- 5-5/8 inches -- from last row of rotor blades from previous stage to first row of rotor blades in this stage
- 2 feet 5-5/16 inches -- from first row of casing blades to last row of casing blades (divide by 7 to find space between successive rows of casing blades)
- 2 feet 5-5/16 inches -- from first row of rotor blades to last row of rotor blades (divide by 7 to find space between successive rows of rotor blades)
- 4-3/16 inches -- from forward edge of last row of casing blades to end of stage (first row of casing blades in the next stage)
__2 feet 11-1/4 inches__-- overall length of stage

**: seven rows each of fixed and rotating blades**__4th expansion stage__- 4-11/32 inches -- from last row of rotor blades from previous stage to first row of rotor blades in this stage
- 2 feet 3 inches -- from first row of casing blades to last row of casing blades (divide by 6 to find space between successive rows of casing blades)
- 2 feet 3 inches -- from first row of rotor blades to last row of rotor blades (divide by 6 to find space between successive rows of rotor blades)
- 5-9/16 inches -- from forward edge of last row of casing blades to end of stage (first row of casing blades in the next stage)
__2 feet 8-9/16 inches__-- overall length of stage

*Plate XXXIII includes a seemingly out-of-place dimension that I make note of here -- between the aft edge of the last row of 4th-stage rotor blades and the forward edge of the first row of 5th-stage casing blades is a space of 1-1/8 inches.

**: six rows each of fixed and rotating blades**__5th expansion stage__- 5-9/16 inches -- from last row of rotor blades from previous stage to first row of rotor blades in this stage
- 1 foot 10-1/2 inches -- from first row of casing blades to last row of casing blades (divide by 5 to find space between successive rows of casing blades)
- 1 foot 10-1/2 inches -- from first row of rotor blades to last row of rotor blades (divide by 5 to find space between successive rows of rotor blades)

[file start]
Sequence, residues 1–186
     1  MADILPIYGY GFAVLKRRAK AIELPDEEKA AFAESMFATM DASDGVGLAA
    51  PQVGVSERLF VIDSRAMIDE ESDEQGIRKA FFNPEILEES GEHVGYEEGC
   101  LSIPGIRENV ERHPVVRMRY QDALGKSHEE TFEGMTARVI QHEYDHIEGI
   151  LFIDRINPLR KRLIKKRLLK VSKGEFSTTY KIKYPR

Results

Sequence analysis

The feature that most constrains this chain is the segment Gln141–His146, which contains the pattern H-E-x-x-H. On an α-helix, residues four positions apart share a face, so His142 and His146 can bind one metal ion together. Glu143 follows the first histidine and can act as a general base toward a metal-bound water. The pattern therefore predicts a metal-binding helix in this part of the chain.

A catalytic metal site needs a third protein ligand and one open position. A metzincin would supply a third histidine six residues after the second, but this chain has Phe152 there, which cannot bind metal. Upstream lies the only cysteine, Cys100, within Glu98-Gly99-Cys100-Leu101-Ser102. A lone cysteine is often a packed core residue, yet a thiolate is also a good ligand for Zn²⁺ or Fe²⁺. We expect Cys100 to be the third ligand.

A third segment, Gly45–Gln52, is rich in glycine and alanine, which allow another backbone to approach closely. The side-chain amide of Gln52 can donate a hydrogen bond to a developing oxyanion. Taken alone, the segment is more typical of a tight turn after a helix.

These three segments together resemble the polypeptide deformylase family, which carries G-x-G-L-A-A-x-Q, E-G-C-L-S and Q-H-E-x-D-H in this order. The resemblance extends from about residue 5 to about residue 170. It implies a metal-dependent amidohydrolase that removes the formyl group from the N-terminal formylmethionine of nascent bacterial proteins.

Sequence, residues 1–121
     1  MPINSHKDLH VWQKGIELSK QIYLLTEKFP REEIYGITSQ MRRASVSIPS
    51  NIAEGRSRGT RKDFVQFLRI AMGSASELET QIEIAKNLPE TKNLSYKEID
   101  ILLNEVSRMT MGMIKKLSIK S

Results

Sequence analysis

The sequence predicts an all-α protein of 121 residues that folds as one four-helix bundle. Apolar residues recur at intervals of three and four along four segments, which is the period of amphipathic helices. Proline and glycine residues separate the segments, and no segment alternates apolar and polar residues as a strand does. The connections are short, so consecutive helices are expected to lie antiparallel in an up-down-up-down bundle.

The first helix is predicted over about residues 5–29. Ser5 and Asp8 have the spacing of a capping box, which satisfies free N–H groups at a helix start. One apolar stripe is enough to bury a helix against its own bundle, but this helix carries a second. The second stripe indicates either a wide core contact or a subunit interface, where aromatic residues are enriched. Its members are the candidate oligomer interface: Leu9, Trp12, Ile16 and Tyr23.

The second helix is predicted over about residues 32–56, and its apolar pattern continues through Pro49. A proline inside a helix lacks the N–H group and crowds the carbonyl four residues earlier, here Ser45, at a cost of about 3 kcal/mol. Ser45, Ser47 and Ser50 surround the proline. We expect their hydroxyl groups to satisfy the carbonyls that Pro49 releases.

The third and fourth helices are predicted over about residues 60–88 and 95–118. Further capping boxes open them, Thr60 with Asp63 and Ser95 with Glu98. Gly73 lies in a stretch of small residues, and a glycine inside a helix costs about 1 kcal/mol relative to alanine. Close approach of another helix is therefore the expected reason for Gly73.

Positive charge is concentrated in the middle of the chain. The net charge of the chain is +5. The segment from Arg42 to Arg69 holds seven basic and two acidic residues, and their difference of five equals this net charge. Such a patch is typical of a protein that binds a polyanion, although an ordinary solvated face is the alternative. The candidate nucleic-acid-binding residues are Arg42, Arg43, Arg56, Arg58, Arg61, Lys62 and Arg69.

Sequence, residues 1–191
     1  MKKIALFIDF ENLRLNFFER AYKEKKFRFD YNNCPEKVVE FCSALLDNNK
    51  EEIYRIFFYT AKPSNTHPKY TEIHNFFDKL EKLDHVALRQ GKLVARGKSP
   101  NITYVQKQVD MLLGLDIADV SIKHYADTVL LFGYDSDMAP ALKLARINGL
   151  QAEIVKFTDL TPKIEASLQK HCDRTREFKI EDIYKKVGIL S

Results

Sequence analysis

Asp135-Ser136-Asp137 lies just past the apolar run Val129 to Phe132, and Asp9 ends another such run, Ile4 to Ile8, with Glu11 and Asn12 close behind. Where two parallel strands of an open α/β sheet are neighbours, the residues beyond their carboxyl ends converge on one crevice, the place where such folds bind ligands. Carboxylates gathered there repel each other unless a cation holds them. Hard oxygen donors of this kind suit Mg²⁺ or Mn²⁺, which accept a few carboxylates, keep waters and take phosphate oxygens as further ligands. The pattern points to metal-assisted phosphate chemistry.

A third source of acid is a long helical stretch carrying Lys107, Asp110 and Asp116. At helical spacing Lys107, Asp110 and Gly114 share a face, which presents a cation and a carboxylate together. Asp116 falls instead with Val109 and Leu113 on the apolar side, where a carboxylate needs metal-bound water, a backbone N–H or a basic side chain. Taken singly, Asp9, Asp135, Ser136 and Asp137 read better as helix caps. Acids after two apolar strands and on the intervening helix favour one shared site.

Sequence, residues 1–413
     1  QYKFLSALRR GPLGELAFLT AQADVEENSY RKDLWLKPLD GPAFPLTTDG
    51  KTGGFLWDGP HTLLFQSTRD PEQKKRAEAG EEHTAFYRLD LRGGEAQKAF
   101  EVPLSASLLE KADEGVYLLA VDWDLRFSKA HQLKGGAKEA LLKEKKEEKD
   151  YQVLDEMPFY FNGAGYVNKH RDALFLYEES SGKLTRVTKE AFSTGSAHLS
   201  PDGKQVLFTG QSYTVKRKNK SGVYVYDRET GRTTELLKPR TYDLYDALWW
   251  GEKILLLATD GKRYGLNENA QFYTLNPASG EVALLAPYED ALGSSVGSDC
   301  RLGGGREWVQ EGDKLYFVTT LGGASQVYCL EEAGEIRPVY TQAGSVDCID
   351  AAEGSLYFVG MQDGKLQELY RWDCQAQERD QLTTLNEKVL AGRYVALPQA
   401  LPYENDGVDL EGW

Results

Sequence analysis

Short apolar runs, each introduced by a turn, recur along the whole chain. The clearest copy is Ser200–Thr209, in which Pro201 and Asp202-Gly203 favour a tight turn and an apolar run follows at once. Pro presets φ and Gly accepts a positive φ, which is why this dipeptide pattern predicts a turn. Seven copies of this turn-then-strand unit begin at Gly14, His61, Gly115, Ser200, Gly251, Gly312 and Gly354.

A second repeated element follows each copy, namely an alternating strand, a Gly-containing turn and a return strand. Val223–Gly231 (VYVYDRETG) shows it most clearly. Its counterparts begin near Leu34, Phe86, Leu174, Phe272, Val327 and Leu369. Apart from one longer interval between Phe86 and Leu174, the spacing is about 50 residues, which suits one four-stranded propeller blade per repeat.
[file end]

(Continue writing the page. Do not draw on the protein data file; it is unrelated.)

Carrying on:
- 4-1/2 inches -- from forward edge of last row of casing blades to end of stage (first row of casing blades in the next stage)
__2 feet 3 inches__-- overall length of stage

**: five rows each of fixed and rotating blades**__6th expansion stage__- 5-3/16 inches -- from last row of rotor blades from previous stage to first row of rotor blades in this stage
- 1 foot 11-1/2 inches -- from first row of casing blades to last row of casing blades (divide by 4 to find space between successive rows of casing blades)
- 1 foot 11-1/2 inches -- from first row of rotor blades to last row of rotor blades (divide by 4 to find space between successive rows of rotor blades)
- 5-1/2 inches -- from forward edge of last row of casing blades to end of stage (where the section that holds the fixed blades gives way to the exhaust chamber)
__2 feet 5 inches__-- overall length of stage

- 3-3/4 inches from the forward edge of the last row of rotor blades to a line somewhere on the rotor drum's 'protrusion' into the exhaust chamber
- 1-3/16 inches from the end of the last stage to the same line
- 1-5/8 inches from this line to the very aft end of the rotor drum (again, as mentioned earlier, excluding the conical portion of the end wheel)